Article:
21 November 2011 Large amounts of carbon dioxide emitted by chemicals used increasingly in air conditioners, refrigerators, fire-fighting equipment and insulation foams could undermine efforts to keep global temperature rise under two degrees Celsius this century, according to a report released today by the United Nations Environment Programme (UNEP).
The chemicals, collectively known as hydrofluorocarbons (HFCs), are becoming popular as replacements for those phased out or being phased out to protect the ozone layer – Earth’s atmospheric shield that filters out dangerous levels of the sun’s ultraviolet rays.
The UNEP study projects that by 2050 HFCs could be responsible for emissions equivalent to 3.5 to 8.8 gigatonnes (Gt) of carbon dioxide, comparable to total current annual emissions from transport, estimated at around six to seven Gt annually.
“The more than 20 year-old international effort to save the ozone layer ranks among the most successful examples of cooperation and collaboration among nations – the original chemicals, known as CFCs [chlorofluorocarbons], were phased out globally in 2010 and countries are freezing [the use of] and then phasing out the replacements, HCFCs,” said Achim Steiner, the UNEP Executive Director.
“However a new challenge is rapidly emerging as countries move ahead on HCFCs and that is HFCs. While these ‘replacements for the replacement’ chemicals cause near zero damage to the ozone layer, they are powerful greenhouse gases in their own right.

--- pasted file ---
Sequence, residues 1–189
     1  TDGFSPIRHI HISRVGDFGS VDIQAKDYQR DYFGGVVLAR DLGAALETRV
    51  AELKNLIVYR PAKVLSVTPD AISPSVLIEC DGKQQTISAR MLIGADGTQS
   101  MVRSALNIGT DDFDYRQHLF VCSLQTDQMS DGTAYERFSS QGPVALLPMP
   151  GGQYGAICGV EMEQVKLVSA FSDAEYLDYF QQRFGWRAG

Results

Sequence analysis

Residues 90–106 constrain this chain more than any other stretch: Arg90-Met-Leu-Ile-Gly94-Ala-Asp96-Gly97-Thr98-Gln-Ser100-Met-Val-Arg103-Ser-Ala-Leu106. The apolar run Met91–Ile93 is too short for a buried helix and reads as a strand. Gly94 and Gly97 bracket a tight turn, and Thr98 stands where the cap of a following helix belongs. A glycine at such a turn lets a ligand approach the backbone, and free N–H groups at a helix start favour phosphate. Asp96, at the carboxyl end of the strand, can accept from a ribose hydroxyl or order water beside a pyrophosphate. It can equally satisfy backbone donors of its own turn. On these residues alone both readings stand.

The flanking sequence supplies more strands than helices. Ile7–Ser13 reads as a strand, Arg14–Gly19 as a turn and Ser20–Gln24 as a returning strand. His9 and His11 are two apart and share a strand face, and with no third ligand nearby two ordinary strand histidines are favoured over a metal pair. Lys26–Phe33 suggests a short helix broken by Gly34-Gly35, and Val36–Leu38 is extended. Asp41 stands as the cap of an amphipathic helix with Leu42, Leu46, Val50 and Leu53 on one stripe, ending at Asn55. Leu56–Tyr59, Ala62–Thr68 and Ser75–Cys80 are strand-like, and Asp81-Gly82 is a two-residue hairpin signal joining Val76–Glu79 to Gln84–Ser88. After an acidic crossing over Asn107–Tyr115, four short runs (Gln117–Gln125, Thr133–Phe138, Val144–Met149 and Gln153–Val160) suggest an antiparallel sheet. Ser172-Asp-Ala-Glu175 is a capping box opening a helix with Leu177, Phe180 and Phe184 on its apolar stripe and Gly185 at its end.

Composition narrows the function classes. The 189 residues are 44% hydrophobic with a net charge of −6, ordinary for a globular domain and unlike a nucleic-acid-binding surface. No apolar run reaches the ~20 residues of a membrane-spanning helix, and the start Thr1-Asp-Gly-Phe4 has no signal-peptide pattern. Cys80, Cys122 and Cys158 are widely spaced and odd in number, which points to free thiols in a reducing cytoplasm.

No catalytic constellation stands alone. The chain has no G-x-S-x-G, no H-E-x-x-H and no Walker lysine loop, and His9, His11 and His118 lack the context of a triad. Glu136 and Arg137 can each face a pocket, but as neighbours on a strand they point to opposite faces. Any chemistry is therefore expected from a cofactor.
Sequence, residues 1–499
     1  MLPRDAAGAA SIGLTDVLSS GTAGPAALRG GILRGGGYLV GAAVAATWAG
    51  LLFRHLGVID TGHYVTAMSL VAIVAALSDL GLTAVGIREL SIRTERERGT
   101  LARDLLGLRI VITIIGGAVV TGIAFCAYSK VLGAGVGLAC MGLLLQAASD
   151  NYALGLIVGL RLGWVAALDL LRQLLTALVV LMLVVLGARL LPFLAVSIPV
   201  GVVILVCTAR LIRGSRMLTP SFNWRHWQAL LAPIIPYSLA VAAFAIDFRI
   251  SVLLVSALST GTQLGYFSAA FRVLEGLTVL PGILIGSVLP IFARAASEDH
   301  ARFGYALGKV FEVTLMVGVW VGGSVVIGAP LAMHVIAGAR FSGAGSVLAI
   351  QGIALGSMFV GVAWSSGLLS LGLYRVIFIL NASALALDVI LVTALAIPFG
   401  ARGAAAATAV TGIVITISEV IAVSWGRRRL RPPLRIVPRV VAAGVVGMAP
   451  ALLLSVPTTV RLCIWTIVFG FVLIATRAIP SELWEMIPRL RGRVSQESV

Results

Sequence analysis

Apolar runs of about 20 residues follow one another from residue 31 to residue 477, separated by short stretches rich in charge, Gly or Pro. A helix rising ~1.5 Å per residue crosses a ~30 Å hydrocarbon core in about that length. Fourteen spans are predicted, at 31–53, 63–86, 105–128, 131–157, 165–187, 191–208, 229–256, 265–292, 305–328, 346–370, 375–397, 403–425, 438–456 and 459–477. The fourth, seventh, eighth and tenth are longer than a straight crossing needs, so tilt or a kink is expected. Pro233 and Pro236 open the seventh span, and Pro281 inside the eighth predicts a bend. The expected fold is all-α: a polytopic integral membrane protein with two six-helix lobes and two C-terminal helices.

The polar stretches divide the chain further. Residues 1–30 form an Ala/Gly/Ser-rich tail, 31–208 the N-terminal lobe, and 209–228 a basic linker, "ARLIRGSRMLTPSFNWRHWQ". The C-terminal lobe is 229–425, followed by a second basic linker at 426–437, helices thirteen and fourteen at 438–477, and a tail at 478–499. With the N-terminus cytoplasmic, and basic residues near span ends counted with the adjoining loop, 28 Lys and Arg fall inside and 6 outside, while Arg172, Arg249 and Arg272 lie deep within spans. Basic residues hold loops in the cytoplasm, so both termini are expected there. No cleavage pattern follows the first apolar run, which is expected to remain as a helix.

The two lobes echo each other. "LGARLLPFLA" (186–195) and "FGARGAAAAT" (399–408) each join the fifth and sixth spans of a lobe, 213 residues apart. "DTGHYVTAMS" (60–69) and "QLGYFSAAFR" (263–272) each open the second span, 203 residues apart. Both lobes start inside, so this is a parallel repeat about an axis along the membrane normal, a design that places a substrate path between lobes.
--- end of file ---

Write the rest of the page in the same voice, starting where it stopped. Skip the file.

“The good news is that alternatives exist alongside technological solutions, according to this international study. While assessing the absolute benefits from switching needs further scientific refinement, there is enough compelling evidence to begin moving away from the most powerful HFCs today,” he added.
HFCs are, along with carbon dioxide, methane and other gases, controlled under the UN’s Framework Convention on Climate Change (UNFCCC) and its Kyoto Protocol. Measures to protect the ozone layer are carried out under the Montreal Protocol on Substances that Deplete the Ozone Layer.
“Cooperative action between these treaties may be the key to fast action on HFCs – assisting to maintain momentum on recovering the ozone layer while simultaneously reducing risks of accelerated climate change,” said Mr. Steiner.
The new report was launched in Bali, Indonesia, at the 23rd Meeting of the Parties to the Montreal Protocol.
It is the first of three being launched this week by UNEP in the run up to the UNFCCC conference which gets under way in Durban, South Africa, next week.
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